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MOORE'S LIFE OF SHERIDAN. In spite of all the sins, both of omis- themselves with that seditious confesion and commission, with which To- deracy. But the exposure of the hypory, Whig, and Radical Journals have, crisy is too interesting to be merely perhaps justly, charged them, these adverted to; we must, in justice to Mr are two volumes of extraordinary in. Moore's simplicity and to Whig hoterest-nor are they discreditable to nesty, quote the passage. Mr Moore. The subject was, indeed, “ In the Spring of this year was esta. a most difficult and dangerous one, blished the Society of · The Friends of nor was it possible for a man of Mr the People,' for the express purpose of Moore's peculiar opinions, tempera

obtaining a Parliamentary Reform. ment, and genius, to treat it without this Association, which, less for its pro. involving himself in a sea of troubles. fessed object than for the republican tenNo doubt, were we to submit his dencies of some of its members, was párwork to a strict and unsparing scruti

ticularly obnoxious to the loyalists of the ny, we could get up a long, laboured

day, Mr Sheridan, Mr Grey, and many article, full of refutations and imputa

others of the leading persons of the Whig tions and confutations, that would prove

party, belonged. Their Address to the him to be one of the greatest criminals

People of England, which was put forth on our annual Calendar. But as we

in the month of April, contained an able have declared this to be a month of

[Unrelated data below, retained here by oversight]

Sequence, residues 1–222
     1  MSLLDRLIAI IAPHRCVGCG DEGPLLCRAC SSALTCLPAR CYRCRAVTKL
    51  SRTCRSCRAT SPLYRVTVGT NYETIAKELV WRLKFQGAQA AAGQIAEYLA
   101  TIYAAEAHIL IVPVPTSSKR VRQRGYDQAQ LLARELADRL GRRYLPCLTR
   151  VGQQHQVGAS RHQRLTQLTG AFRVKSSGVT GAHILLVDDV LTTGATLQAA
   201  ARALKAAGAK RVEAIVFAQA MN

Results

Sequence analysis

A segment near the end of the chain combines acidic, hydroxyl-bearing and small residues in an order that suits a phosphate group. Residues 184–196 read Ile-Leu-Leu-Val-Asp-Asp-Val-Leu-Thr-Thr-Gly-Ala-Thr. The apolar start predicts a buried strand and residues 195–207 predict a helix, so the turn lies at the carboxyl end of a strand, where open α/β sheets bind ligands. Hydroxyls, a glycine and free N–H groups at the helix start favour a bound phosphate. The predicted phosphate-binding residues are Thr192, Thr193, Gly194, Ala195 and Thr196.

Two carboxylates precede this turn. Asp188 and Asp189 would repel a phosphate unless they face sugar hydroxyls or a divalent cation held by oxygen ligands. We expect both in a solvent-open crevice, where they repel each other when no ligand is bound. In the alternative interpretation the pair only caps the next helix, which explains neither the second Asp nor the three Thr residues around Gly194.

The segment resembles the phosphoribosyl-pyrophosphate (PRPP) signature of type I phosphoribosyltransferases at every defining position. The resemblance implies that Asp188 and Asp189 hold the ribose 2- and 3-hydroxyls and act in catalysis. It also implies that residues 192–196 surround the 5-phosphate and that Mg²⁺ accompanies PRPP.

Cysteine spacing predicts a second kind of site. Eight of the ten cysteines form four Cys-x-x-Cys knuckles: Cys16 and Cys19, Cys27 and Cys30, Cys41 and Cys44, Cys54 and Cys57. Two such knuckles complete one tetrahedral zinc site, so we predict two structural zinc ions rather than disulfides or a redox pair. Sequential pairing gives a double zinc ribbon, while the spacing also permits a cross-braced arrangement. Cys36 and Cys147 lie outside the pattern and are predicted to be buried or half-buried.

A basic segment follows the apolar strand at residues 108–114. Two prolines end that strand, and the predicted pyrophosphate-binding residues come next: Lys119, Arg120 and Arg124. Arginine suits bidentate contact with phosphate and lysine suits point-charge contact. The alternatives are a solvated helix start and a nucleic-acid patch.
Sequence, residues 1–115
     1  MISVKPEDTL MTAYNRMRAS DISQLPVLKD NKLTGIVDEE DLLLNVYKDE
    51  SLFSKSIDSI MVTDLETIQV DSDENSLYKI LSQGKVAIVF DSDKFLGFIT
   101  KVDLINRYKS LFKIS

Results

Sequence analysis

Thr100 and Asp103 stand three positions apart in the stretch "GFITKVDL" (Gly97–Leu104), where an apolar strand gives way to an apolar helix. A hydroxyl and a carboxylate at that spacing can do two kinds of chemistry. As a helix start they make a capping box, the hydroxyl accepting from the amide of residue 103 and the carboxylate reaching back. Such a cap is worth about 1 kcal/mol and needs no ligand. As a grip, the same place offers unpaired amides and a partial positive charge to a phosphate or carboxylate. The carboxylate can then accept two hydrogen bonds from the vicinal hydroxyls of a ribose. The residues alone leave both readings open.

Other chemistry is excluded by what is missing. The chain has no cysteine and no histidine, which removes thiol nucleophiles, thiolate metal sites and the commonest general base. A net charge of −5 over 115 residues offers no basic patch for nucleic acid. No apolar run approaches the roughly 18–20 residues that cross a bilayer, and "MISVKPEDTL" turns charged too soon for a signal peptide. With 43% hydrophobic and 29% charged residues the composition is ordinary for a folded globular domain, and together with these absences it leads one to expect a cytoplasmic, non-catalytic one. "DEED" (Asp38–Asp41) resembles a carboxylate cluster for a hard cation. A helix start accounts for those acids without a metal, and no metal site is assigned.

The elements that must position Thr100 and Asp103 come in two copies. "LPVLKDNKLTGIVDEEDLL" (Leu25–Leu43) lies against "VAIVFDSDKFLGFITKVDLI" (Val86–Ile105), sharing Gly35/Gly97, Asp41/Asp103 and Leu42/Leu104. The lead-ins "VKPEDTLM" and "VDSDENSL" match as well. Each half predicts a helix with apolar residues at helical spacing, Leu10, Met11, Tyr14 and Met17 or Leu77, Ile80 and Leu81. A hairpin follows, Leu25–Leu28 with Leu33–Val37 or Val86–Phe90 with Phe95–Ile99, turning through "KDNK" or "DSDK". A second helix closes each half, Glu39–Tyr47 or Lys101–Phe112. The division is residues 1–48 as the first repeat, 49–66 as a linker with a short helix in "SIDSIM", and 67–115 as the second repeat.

and temperate exposition of the grounds Mercy-we shall treat Mr Moore with

upon which they sought for Reform; and

the names of Sheridan, Mackintosh, a gentleness that may well surprise

Whitbread, &c., appear on the list of the and delight him-a gentleness, in

Committee by which this paper was drawn deed, which even in our most trucu.

up. lent Numbers we generally display to- “ It is a proof of the little zea) which wards every writer who has at any Mr Fox felt at this period on the subject time delighted us—and need we say, of Reform, that he withheld the sanction that that has been done by the poet of of his name from a Society, to which so Lalla Rookh ?

many of his most intimate political friends Let us take first the Politics-and belonged. Some notice was taken in the get done with them in not many words House of this symptom of backwardness -then a paragraph or two about She- in the cause; and Sheridan, in replying ridan, as Richard Brinsley in domes- to the insinuation, said, that 'they wanttic and social life—and finally, a few ed not the signature of his Right Horemarks on his Dramatic Genius. Each nourable Friend to assure them of his of these three subjects would furnish

They had his bond in the matter for an article-but we hate steadiness of his political principles and prosing-so hope to settle them all in the integrity of his heart.' Mr Fox himone sober and sensible sheet.

self, however, gave a more definite explaNever was any secret betrayed with

nation of the circumstance.

• He might more naiveté, than the account which

be asked,' he said, 'why his name was not Mr Moore gives of the principles of

on the list of the Society for Reform ? the Whigs, in advocating and fostering and enormous

grievances, he did not see

His reason was, that though he saw great the cause of reform. We cannot imagine the amazed looks with which Lord

the remedy.' It is to be doubted, indeed,

whether Mr Fox ever fully admitted the Grey, and the remnants and refuse of

principle upon which the demand for a the Fox party, must have read the

Reform is founded. When he afterwards passage alluded to, without bursting

espoused the question so warmly, it seems into immoderate and remorseless